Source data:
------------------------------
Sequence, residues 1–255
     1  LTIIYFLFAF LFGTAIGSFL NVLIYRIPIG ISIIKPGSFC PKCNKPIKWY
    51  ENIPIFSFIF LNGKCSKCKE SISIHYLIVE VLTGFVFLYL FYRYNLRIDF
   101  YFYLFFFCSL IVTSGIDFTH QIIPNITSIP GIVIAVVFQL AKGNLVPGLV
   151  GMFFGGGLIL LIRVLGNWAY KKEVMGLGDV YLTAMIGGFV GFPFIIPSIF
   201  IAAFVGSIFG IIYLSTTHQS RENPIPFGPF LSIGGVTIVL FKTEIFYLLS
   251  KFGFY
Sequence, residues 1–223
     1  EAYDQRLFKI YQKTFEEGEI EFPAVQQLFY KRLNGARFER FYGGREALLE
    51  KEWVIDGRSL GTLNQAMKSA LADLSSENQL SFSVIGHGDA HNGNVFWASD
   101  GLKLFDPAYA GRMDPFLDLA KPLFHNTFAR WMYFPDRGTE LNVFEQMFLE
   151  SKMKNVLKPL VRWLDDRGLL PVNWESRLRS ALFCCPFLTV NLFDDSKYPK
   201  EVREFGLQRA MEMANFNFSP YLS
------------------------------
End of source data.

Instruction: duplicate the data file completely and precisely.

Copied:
Sequence, residues 1–255
     1  LTIIYFLFAF LFGTAIGSFL NVLIYRIPIG ISIIKPGSFC PKCNKPIKWY
    51  ENIPIFSFIF LNGKCSKCKE SISIHYLIVE VLTGFVFLYL FYRYNLRIDF
   101  YFYLFFFCSL IVTSGIDFTH QIIPNITSIP GIVIAVVFQL AKGNLVPGLV
   151  GMFFGGGLIL LIRVLGNWAY KKEVMGLGDV YLTAMIGGFV GFPFIIPSIF
   201  IAAFVGSIFG IIYLSTTHQS RENPIPFGPF LSIGGVTIVL FKTEIFYLLS
   251  KFGFY
Sequence, residues 1–223
     1  EAYDQRLFKI YQKTFEEGEI EFPAVQQLFY KRLNGARFER FYGGREALLE
    51  KEWVIDGRSL GTLNQAMKSA LADLSSENQL SFSVIGHGDA HNGNVFWASD
   101  GLKLFDPAYA GRMDPFLDLA KPLFHNTFAR WMYFPDRGTE LNVFEQMFLE
   151  SKMKNVLKPL VRWLDDRGLL PVNWESRLRS ALFCCPFLTV NLFDDSKYPK
   201  EVREFGLQRA MEMANFNFSP YLS